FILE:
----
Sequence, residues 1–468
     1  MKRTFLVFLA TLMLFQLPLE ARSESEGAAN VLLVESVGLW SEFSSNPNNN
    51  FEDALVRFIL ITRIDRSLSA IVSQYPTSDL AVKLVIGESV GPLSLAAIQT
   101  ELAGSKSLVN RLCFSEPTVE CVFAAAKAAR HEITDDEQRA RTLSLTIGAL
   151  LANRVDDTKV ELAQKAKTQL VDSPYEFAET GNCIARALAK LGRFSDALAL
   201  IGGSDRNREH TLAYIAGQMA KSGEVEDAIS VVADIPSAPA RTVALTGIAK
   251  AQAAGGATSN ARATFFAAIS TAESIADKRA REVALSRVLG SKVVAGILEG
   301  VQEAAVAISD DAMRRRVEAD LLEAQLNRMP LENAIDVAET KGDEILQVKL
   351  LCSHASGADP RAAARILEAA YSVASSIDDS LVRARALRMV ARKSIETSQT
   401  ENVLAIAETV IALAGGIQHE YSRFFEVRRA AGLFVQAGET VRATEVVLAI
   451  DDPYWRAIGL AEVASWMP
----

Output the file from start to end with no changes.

Sequence, residues 1–468
     1  MKRTFLVFLA TLMLFQLPLE ARSESEGAAN VLLVESVGLW SEFSSNPNNN
    51  FEDALVRFIL ITRIDRSLSA IVSQYPTSDL AVKLVIGESV GPLSLAAIQT
   101  ELAGSKSLVN RLCFSEPTVE CVFAAAKAAR HEITDDEQRA RTLSLTIGAL
   151  LANRVDDTKV ELAQKAKTQL VDSPYEFAET GNCIARALAK LGRFSDALAL
   201  IGGSDRNREH TLAYIAGQMA KSGEVEDAIS VVADIPSAPA RTVALTGIAK
   251  AQAAGGATSN ARATFFAAIS TAESIADKRA REVALSRVLG SKVVAGILEG
   301  VQEAAVAISD DAMRRRVEAD LLEAQLNRMP LENAIDVAET KGDEILQVKL
   351  LCSHASGADP RAAARILEAA YSVASSIDDS LVRARALRMV ARKSIETSQT
   401  ENVLAIAETV IALAGGIQHE YSRFFEVRRA AGLFVQAGET VRATEVVLAI
   451  DDPYWRAIGL AEVASWMP